Yeah, That's Me All Right

I was a consultant for McKinsey & Co. for about 5 years in Dallas.  This was NOT me:

Through conversations with several staffers who have endured the McKinsey interviews, we've assembled a portrait of the typical consultant. First, they're quite young! Despite the early perception that they'd look like pasty lawyers wielding big-wheeled suitcases, they're apparently a plucky, charming bunch.

"They're kind of hot," said one source.

Crisp shirts, no jackets, freshly pressed pants"”not unlike the fresh-faced boys who posed for the Harvard fashion shoot in the Styles pages of The Times this past weekend. They jot notes down on legal pads and in marble notebooks.

Though I will say, much to my kids' ever-lasting amusement, McKinsey did send me to a sort of executive charm school when I started managing teams, because I was such a hopeless geek.  Actually, my main problem was that I was adult-ADD, and couldn't sit still in a meeting.  It's fine roaming around the room in hyperactive fashion when its your own company (ala Steve Jobs) but it is not OK when you are a 25-year-old consultant to the CEO of a Fortune 50 company.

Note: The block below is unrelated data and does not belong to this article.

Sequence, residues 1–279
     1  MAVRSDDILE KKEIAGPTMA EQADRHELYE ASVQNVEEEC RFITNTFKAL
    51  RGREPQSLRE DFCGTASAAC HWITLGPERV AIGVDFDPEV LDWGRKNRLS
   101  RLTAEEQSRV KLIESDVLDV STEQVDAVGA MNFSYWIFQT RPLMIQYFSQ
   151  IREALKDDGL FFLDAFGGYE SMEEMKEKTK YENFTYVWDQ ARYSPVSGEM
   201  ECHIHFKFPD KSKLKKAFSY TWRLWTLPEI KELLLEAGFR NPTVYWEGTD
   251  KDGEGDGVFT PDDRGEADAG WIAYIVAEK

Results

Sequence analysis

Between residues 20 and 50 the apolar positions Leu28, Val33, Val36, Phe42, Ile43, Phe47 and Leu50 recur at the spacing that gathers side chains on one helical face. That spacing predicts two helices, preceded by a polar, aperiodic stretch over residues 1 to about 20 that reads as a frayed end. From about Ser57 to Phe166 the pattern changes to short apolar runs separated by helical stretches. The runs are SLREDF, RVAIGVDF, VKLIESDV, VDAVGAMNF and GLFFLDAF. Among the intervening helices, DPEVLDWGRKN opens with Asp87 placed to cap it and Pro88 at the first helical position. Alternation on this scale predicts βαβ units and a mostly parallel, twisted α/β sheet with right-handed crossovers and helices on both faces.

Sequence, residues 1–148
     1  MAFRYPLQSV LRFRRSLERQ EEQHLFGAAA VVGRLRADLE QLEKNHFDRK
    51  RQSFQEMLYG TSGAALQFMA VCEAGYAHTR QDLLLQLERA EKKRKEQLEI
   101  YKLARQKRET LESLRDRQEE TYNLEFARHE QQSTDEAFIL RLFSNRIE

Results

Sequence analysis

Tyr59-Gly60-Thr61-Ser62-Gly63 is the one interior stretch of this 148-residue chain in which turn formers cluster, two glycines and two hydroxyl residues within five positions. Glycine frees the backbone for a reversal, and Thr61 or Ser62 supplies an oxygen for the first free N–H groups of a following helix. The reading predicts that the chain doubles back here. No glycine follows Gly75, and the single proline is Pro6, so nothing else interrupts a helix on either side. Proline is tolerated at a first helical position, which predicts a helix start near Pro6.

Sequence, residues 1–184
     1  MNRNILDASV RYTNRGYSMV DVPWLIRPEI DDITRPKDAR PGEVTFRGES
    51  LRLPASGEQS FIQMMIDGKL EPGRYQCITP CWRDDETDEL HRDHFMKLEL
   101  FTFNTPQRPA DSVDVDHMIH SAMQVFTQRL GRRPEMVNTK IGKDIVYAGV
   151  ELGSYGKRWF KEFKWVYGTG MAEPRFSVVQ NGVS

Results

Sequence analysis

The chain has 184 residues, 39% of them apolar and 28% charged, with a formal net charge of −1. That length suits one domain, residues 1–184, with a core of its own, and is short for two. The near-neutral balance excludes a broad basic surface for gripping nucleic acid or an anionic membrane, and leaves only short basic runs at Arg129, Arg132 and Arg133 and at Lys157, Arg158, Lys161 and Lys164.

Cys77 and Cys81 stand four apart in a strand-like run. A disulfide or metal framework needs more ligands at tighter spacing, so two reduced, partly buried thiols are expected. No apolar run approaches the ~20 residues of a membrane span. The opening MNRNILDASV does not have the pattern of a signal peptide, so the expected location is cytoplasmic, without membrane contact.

My personal style didn't work any better in any of the other companies I worked for.  Aerospace was probably the biggest mis-match.  There is just no place for a hyperactive marketing guy in a business that takes 10 years to close a sale.  So I now run my own company, and there is no one above me to complain.


  1. Michael:

    I was working with BAC in corporate banking in IT back in 99 and if you weren't wearing a G in threads each day, you had no excuse being in NYC. I do love dressing to the 9s, but only for my significant other. Businesses can pick their dress codes, but pretty boys don't mean quality.

  2. DaveK:

    Yes, whether you like it or not, what you wear does make a difference. Way back when, my job required that I wear a shirt, tie, and (recommended but not required) a sport coat as minimum dress code when meeting with customers and contractors... even in the field. I rebelled a few times but observed, and it really did make a difference. From then I was a believer.

    As for McKinsey and Co, they are on my list for getting the sacks of coal at Christmas. My experience was that they came in, got their quota of heads to "improve productivity" and then left. The only problem is that the approach did not address innovation... that was considered non-productive time. In my company, the result was that all anyone (who was left) had time to do was to do was their job description. Those innovations that helped us do more with existing resources suddenly became nonexistent... but we sure reduced the payroll by 10 to 25 percent!

    On the other hand, management got just exactly what they asked for. Too bad they didn't consider the consequences of that.


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